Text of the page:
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Tuesday’s Headlines Go Green

Paul Krueger.|

Photo: Paul Krueger.

    • Green infrastructure can lead to gentrification, which means cities have to figure out how to add climate-crucial amenities without displacing residents. (Bloomberg)
    • Both fleet electrification and more compact, walkable cities with better transit are needed to avoid a climate apocalypse, according to a new UN report. (Greater Greater Washington)
    • Even when accounting for manufacturing, electric cars produce half as much carbon over the life of the vehicle as gas-powered ones — but that's still nowhere near the carbon reductions achieved by walking, biking and transit. (Yale Climate Connection)
    • After a pandemic-related slowdown in bike-share usage, Washington, D.C. is offering contracts to five companies to bring 20,000 new bikes into the system. (WaPost)
    • Kansas City is keeping its pledge to build 15 miles of new bike lanes a year. (Star)
    • While perhaps an example of too much democracy at work, San Francisco's successful referendum to close JFK Drive to cars could embolden other city leaders to take similar steps on their own. (Slate)
    • The Charlotte Area Transit System wants to build a new bus station underground rather than at street-level, a less expensive option, because officials said it would provide better rail connections and allow for a mixed-use development aboveground. (WFAE)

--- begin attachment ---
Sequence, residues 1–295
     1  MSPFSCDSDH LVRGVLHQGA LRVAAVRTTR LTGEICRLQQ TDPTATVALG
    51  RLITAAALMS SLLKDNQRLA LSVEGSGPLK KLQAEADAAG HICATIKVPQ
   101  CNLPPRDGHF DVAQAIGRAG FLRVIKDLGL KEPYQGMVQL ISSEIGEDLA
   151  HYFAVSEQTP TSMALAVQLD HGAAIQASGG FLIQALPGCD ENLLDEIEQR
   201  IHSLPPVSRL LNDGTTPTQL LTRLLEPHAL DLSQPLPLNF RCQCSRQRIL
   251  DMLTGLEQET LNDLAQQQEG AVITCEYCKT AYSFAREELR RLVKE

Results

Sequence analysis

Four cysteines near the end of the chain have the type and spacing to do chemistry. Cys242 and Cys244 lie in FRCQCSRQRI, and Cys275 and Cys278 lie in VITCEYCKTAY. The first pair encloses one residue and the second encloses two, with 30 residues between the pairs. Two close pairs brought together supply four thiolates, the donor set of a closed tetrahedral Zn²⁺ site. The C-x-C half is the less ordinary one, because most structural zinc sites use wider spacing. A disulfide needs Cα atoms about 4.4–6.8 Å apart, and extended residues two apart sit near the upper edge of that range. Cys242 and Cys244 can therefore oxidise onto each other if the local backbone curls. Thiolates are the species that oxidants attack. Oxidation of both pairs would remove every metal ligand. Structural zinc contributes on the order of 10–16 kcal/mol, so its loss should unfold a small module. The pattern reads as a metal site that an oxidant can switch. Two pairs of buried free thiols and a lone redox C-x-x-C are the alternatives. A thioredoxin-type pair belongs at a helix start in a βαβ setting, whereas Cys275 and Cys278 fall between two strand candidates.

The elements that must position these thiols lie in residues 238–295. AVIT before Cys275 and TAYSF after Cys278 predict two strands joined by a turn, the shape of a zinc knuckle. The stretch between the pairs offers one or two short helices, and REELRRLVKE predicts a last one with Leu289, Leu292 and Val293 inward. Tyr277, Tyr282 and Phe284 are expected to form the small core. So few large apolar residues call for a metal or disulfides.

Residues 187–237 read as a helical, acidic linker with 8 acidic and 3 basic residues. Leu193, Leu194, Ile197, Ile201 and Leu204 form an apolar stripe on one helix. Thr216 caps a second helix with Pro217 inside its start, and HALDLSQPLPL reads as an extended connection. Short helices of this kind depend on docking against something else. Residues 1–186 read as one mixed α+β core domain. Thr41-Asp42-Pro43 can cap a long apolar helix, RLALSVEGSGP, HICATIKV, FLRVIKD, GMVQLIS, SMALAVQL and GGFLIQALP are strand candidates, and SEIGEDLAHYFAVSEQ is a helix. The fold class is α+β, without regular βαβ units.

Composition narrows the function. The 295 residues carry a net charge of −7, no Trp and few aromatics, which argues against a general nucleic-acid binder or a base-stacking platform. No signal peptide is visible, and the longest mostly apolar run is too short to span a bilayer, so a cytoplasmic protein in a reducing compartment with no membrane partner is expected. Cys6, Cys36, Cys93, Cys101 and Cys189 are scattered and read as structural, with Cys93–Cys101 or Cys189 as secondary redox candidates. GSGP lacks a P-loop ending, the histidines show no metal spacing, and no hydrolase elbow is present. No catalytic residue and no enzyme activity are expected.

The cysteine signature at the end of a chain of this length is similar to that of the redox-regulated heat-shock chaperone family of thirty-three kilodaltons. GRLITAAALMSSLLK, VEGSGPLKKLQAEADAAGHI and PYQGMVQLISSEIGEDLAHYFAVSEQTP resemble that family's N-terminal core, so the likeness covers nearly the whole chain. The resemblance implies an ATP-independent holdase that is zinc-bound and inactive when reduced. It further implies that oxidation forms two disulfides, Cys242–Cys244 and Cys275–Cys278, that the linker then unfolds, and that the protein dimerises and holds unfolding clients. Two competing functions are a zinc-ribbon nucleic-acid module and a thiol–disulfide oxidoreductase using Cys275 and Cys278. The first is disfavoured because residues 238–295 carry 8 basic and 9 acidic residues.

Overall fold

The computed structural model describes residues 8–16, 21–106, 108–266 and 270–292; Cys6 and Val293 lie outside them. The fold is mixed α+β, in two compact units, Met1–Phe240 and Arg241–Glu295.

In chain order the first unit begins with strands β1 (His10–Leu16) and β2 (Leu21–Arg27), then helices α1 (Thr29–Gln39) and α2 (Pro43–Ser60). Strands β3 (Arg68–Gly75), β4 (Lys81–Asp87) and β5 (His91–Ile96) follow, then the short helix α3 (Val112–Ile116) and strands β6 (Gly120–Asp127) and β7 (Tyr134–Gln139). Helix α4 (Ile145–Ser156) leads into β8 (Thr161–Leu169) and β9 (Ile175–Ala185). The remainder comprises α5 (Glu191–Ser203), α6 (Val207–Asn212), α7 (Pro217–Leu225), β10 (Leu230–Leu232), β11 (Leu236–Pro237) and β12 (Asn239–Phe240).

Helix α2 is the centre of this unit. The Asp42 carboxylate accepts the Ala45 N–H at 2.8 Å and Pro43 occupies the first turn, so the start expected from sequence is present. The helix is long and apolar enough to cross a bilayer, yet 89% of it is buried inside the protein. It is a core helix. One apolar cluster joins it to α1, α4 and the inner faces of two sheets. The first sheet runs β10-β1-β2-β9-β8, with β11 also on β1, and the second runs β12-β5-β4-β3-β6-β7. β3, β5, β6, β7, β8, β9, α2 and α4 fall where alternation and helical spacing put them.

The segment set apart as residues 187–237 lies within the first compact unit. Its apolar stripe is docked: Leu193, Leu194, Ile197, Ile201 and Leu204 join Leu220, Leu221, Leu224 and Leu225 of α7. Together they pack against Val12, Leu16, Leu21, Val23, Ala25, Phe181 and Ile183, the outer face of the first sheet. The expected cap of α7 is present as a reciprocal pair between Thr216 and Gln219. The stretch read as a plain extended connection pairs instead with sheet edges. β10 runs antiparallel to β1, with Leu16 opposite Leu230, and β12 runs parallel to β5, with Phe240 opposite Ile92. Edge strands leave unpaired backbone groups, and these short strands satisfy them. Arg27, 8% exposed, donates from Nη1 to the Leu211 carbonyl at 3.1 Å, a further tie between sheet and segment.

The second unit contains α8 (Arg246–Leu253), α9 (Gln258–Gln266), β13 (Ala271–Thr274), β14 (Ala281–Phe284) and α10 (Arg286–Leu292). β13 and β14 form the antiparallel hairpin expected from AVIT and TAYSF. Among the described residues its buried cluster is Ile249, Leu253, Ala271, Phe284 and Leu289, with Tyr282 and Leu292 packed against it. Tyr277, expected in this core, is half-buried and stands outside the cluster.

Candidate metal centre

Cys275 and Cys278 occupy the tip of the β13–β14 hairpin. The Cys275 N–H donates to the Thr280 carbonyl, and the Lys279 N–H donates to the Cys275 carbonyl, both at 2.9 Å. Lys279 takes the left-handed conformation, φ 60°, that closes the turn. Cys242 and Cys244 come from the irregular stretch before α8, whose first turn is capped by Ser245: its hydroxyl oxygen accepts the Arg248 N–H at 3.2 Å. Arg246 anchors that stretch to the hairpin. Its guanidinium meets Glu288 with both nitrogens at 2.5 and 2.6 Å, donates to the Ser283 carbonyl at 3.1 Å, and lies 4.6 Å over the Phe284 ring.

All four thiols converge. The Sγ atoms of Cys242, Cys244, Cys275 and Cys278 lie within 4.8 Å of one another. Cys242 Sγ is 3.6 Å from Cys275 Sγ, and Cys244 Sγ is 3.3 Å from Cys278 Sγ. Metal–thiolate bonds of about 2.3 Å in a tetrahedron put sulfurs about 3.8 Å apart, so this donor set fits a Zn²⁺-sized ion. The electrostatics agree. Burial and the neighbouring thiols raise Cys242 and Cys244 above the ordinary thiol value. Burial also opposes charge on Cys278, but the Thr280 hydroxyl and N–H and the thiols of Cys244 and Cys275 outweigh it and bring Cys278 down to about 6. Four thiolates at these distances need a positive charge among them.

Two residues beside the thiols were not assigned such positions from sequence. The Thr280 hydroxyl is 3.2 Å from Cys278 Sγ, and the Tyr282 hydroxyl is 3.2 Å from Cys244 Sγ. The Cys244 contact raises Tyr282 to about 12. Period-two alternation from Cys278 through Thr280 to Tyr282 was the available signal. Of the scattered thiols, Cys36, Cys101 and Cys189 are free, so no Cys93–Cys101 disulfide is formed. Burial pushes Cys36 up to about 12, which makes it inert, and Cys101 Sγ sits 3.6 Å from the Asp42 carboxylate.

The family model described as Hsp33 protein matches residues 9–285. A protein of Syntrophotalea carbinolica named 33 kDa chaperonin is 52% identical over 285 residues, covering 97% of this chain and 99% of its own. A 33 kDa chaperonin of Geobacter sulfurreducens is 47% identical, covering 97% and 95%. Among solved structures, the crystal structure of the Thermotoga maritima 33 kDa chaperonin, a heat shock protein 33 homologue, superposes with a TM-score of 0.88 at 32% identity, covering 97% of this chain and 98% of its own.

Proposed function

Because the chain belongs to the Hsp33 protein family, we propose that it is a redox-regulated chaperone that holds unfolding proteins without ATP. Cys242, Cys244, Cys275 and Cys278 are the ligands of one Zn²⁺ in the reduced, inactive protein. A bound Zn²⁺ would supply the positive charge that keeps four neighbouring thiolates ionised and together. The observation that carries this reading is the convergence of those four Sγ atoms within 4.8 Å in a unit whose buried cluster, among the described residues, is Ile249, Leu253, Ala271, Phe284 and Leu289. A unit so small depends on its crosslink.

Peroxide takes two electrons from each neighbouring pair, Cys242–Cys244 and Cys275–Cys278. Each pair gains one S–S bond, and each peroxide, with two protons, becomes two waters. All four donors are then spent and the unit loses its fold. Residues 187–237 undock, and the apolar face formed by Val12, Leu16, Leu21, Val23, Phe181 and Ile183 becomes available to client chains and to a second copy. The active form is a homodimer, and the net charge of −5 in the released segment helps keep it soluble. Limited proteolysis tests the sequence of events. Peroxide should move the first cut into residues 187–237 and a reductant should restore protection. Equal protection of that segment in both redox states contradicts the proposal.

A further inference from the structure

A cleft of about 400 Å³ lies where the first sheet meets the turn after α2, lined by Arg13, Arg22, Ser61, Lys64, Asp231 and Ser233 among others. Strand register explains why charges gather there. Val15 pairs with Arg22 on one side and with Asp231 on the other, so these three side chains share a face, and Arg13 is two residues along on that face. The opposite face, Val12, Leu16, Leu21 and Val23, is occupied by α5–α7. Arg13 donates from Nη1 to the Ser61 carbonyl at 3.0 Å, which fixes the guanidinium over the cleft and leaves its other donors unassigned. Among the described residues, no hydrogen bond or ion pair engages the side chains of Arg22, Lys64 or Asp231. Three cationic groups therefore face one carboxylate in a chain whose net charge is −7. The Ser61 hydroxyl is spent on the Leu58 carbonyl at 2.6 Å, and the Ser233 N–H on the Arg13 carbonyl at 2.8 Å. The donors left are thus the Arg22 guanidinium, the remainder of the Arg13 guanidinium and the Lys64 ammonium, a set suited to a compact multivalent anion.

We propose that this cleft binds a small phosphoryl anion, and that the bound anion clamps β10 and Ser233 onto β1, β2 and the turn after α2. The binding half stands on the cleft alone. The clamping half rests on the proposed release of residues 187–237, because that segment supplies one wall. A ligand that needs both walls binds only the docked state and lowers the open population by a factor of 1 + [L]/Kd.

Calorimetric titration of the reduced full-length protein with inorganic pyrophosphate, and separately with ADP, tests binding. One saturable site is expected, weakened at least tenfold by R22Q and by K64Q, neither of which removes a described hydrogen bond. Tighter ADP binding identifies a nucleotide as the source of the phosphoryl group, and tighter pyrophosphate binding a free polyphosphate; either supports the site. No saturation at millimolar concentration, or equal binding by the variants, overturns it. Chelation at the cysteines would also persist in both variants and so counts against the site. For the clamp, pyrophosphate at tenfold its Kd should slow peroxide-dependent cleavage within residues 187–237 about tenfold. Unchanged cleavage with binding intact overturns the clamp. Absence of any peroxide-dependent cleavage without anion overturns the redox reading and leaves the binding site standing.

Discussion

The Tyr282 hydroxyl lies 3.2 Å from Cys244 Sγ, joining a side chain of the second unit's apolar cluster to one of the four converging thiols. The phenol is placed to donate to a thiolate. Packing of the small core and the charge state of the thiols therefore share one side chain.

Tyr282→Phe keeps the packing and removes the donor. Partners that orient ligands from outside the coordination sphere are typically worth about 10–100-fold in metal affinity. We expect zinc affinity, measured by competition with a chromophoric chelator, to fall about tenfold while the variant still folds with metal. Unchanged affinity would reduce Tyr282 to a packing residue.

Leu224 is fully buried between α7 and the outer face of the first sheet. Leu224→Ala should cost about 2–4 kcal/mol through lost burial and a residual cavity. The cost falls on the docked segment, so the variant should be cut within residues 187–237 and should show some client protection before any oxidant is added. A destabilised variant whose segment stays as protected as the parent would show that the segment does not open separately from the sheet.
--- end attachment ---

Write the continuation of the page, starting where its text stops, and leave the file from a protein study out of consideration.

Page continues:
• The Metro Atlanta Rapid Transit Authority is getting pushback from intown residents on a streetcar extension that would be the first step to long-awaited transit on the Beltline. (AJC)
    • Portland is changing its unique system of government where commissioners elected citywide serve as legislators but also run departments like transportation. (Oregon Public Radio)
    • The UK is considering raising its windfall tax on oil and gas companies. (Reuters)
    • They're on freeway ramps, in between merge lanes, and blocked by poles, trees and outdoor cafes — here are some of the world's worst bike lanes. (Momentum)

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